8) Antiviral (Brandon Cronenberg)

An absolutely juicy debut film that one can sink their teeth into. Antiviral looks at a not too distance future where society’s obsession with celebrity culture results in people lining up to buy meat grown from celebrity cells and happily injecting themselves with a celebrity’s virus. Given current addiction to anything celebrity related, such a scenario is not entirely unbelievable so full credit to Brandon Cronenberg for extrapolating the present in such a thoughtful film.

9) Mars et Avril (Martin Villeneuve)

Martin Villeneuve adapted his own graphic novel for the poetic and meditative Mars et Avril. The film is a labor of love and demonstrates that beautiful visuals can be made on a tight budget and a sci-fi film can be made without any horror or mindless action scenes.

10) Bestiaire (Denis Côté)

At first, this Denis Cote documentary looks like a peaceful observation of animals in a zoo. However, that perception is quickly shattered when the first agonizing sounds of animals wanting to break free from their cages are heard. The camera angles also emphasize the struggles most animals have in coping with a harsh winter which restricts their roaming space. Once summer arrives, Cote smartly frames his camera to give the appearance that it is the humans who are in cages and are observed by the animals. This shift of just who is the real observer coupled with the indoor winter shots raise plenty of burning points about caging of animals.

Interestingly, Antiviral & Mars et Avril also extended the cinematic family tree of two famous Canadian names. Brandon is David Cronenberg’s son while Martin is Denis Villeneuve’s brother. However, it is good to see that both Brandon and Martin have successfully made their own mark with their debut feature films.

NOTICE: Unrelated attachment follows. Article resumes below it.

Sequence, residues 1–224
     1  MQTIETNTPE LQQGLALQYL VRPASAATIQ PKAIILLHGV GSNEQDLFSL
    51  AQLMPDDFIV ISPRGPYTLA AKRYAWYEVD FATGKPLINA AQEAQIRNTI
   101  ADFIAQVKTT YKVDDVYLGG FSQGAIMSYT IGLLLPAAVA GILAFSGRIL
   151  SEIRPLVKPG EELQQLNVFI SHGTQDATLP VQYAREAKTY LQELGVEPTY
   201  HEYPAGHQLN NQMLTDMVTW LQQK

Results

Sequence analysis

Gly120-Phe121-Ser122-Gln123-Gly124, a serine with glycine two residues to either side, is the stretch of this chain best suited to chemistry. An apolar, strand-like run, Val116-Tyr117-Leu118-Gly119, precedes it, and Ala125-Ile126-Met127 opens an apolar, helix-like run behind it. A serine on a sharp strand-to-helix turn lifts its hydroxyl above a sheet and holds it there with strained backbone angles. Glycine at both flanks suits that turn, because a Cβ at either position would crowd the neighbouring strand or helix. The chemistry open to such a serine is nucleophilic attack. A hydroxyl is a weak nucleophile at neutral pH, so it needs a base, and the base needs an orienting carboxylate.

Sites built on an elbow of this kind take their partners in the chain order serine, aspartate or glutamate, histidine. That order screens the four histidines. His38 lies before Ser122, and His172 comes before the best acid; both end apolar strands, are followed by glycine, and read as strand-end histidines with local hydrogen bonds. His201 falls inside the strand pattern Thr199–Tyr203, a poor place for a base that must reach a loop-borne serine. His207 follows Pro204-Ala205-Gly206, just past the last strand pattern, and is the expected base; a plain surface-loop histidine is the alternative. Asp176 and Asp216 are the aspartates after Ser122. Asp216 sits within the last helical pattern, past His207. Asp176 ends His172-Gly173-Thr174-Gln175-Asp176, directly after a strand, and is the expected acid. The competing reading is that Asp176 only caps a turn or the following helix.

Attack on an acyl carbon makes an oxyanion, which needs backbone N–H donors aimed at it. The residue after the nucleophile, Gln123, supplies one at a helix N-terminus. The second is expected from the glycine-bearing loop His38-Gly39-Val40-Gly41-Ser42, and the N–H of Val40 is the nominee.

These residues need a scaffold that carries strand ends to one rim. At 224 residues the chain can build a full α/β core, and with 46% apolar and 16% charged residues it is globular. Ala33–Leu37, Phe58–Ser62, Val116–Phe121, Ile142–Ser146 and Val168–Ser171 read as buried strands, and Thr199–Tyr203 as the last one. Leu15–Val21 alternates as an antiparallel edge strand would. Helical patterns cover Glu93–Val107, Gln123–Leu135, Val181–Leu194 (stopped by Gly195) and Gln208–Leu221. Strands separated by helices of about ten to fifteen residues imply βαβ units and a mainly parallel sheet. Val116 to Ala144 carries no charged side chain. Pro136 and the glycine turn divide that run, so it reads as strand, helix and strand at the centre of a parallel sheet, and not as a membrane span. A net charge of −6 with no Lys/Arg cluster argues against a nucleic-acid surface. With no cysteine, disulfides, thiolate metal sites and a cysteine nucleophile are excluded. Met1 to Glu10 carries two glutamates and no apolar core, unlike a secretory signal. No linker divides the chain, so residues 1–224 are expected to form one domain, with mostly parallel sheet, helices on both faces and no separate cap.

Monday, January 07, 2013

Best Films of 2004

I started publishing my end of the year list from 2005 onwards but I compiled a list for 2004, which I am now putting up in order to gather some stats.

Top 10 films of 2004

1) Exiles (France/Japan, Tony Gatlif)

An emotional journey packed with mesmerizing music including an 11 minute trance segment near the end. The story involves two characters who leave Paris and head to Algeria to find their roots. Their journey consists of heading through Spain and finally sneaking into Algeria as the Algerian border is closed. Since this is a Tony Gatlif movie, flamenco musical sequences are present but this time a touch of Rai music is added to the mix.

2) Monsieur Ibrahim (2003, France, Francois Dupeyron)

It is refreshing to see Omar Sharif (who plays a Turkish shop owner) given a charming role which he plays to perfection. But the real gem of this movie is the young actor, Pierre Boulanger, who gives a virtuoso performance as the 14 year old Momo. Boulanger’s expressions are priceless, feisty when they have to be and innocent when needed.

3) Kontroll (2003, Hungary, Nimrod Antal)

The movie follows the lives of the underground subway metro staff on their daily routines which involves dealing with insanity, inner turmoils, strange passengers and playing male power games. The first half is hilarious but the second half explores shades of darkness lurking beneath the surface.